Screening of Fe(III) and Mn(IV) tolerant bacteria
The metal-tolerance pattern of each bacterial isolate was determined by the minimum inhibitory concentration (MIC) approach. Analytical grades of metal salts were used to prepare 10000 ppm concentration of ferric chloride and manganese sulphate stock solution respectively, which were filter-sterilized and added to 50 mM Tris-buffered Nutrient Agar (NAT) media [17] according to required level for determination of the tolerance limits of the metal ions for each isolate. The range of concentrations used was 100 to 6000 ppm of Fe(III) and Mn(IV) in NAT plates. The spot inoculation of overnight cultures grown in Nutrient broth (Himedia) were diluted up to 105 cells/mL were used as an inoculum. The cultures grown at a given initial (100 ppm) concentration of metals (Fe(III) and Mn(IV)) were consequently transferred to the next concentration, based on the assessment of both original and duplicate plates of each purified bacterial isolate and incubated at 30º C for 48 hours then growth was scored and also metal tolerant screened [18].


In the field of geomicrobiology, major studies on the microbial processes in geologic environment and all kinds of geochemical records generated in these processes, i.e., interaction of microorganisms with minerals, microbial ecology at the extreme environments and molecular geomicrobiology [8]. The biogeochemical cycling of iron and manganese is recognized an environmentally important process not only because these elements were essential nutrient for all organisms mostly in soluble form. For that, isolation of bacteria in metal based industrial soils, among this iron and manganese resistant ability examined.
Physico-chemical parameters of collected soil
The pH of the soil samples were slightly acidic to neutral, they were ranged from 6.91 to 8.16. The light red, brown, dark black coloured and rich in clay particles were noted in the study area soil. The metal concentration of soil samples were analyzed by using Atomic Adsorption Spectrometry, among the collected soil, the Fe concentration was found to be maximum (5.8 ppm) in the site 1 soils (Table 1). The given subsurface soils containing metal oxide treated with ammonium oxalate (pH-3) extraction gives 2.35, 1.26 and 2.71% of Fe and 0.4, 0.38 and 1.09% of Mn in site1, 2 and 3 respectively. The soil containing total iron and manganese determined by ammonium oxalate extraction followed by acid digestion, which was estimated at 81,345.76 and 6,845.79 mg/kg as higher amount in Salem industrial soil, in site 2 having 58,790.4 and 6,373.41 mg/kg and in site 3 estimated as 77,209.5 and 4,363.04 mg/kg respectively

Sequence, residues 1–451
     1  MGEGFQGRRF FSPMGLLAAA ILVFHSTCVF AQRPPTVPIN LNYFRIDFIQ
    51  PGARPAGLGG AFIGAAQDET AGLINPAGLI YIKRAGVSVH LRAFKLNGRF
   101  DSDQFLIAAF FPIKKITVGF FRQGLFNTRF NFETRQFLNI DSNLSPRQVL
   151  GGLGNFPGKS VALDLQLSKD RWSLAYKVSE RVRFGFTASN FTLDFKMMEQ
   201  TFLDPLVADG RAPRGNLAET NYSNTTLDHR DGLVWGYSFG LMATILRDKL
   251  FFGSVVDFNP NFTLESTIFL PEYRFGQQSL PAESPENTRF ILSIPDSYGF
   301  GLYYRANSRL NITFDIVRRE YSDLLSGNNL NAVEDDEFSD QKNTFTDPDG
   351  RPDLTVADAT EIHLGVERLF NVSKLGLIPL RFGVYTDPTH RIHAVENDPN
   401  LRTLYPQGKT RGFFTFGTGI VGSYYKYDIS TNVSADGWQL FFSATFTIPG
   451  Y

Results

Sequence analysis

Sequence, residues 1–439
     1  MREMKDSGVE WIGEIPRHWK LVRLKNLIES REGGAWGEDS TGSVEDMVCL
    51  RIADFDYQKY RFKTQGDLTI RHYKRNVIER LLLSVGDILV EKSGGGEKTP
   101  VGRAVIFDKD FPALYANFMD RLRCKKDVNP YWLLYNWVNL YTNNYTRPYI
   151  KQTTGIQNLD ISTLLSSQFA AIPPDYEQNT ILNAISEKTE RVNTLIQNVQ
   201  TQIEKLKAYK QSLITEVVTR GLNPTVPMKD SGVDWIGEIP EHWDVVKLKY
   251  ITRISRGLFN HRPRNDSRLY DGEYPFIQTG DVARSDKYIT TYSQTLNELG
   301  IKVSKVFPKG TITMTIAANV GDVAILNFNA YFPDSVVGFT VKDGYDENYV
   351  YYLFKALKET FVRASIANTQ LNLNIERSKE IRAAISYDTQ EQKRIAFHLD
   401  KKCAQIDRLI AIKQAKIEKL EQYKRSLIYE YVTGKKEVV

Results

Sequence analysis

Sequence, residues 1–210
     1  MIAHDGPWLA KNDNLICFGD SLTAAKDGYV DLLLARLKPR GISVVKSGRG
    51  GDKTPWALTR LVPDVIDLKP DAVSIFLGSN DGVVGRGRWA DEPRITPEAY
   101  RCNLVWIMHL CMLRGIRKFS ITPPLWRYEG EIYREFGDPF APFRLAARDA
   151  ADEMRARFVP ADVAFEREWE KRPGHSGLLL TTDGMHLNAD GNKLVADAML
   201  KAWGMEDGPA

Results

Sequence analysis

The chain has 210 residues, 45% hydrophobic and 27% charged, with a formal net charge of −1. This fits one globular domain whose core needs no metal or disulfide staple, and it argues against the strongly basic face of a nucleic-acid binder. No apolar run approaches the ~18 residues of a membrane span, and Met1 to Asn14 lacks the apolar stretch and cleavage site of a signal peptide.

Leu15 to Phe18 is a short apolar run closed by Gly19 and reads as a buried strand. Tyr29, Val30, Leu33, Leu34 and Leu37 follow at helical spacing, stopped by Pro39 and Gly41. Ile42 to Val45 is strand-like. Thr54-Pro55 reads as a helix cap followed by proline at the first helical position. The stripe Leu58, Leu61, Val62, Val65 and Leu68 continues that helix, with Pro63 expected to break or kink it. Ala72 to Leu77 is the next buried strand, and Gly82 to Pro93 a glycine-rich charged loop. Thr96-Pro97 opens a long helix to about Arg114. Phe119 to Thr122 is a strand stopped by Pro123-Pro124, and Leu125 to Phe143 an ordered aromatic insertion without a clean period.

Typical mineral soil sediments from industrial sites are clay soil which is characterized by fine-grained soil and also the presence of Fe-oxides strongly affect a number of soil properties like color, surface adsorption of numerous ions and molecules, soil aggregation and redox behavior [19]. The presence of iron oxide in soil properties leads to reddish brown to dark brown mottles arising from the enrichment of different Fe oxides. Previous reports suggesting that iron oxides having very low solubility and also act as strong pigments because it give many soils their red, yellow, orange or brown color even at low concentrations (a few percent) itself [20].
The iron is one of the essential elements for microbial growth but its oxidation state (iron oxyhydroxide) is a strong adsorbent for toxic arsenic [21]. Various mineralogical forms of Fe(III) can be utilized by a broad spectrum of bacterial strains as terminal electron acceptor [22]. Although ferrihydrite is a common Fe-oxide found in soils and appears reddish brown in color if not masked by other pigments. It has a poorly ordered structure resembling that of hemati te and was previously referred to as amorphous ferrichydroxide [23]. In the natural environment, ferrihydrite is usually present in soils or sediments or at places where biogenic or rapid oxidation of Fe(II) takes place in surface zone and so is generally considered to be a relatively young Fe oxide. If oxygen becomes deficient, in case of subsurface area, given enough time, ferrihydrite can be expected to transform to a more stable Fe oxide. In this study, the iron concentrations vary between 587 to 813 g/kg, Mn like 43 to 68 hundred g/kg in metal based industrial soils.
The highest redox fluctuations reported in the district of Recklinghausen, North Rhine-Westphalia, Germany soil (range of 840 mV) and periodically strong reducing conditions were obtained in the soil containing less amount of dissolved Fe concentrations but increased total Fe from 316 to 412 g/kg in that ferrihydrite (51% of total Fe) was dominant over goethite (24%) in the Ah horizon and also it revealed that appropriate pH/EH conditions also can be assumed that Fe exclusively present either in the form of Fe2+/Fe3+ [24]. In this report, the pH of the collected industrial soil, the median pH (pH 6.91 to 8.16) of the soil solution (Table 1) was around the neutral point due to H+-releasing oxidation processes leads to the presence of less soluble and higher insoluble metal oxide forms.
Bacterial colonies in soil samples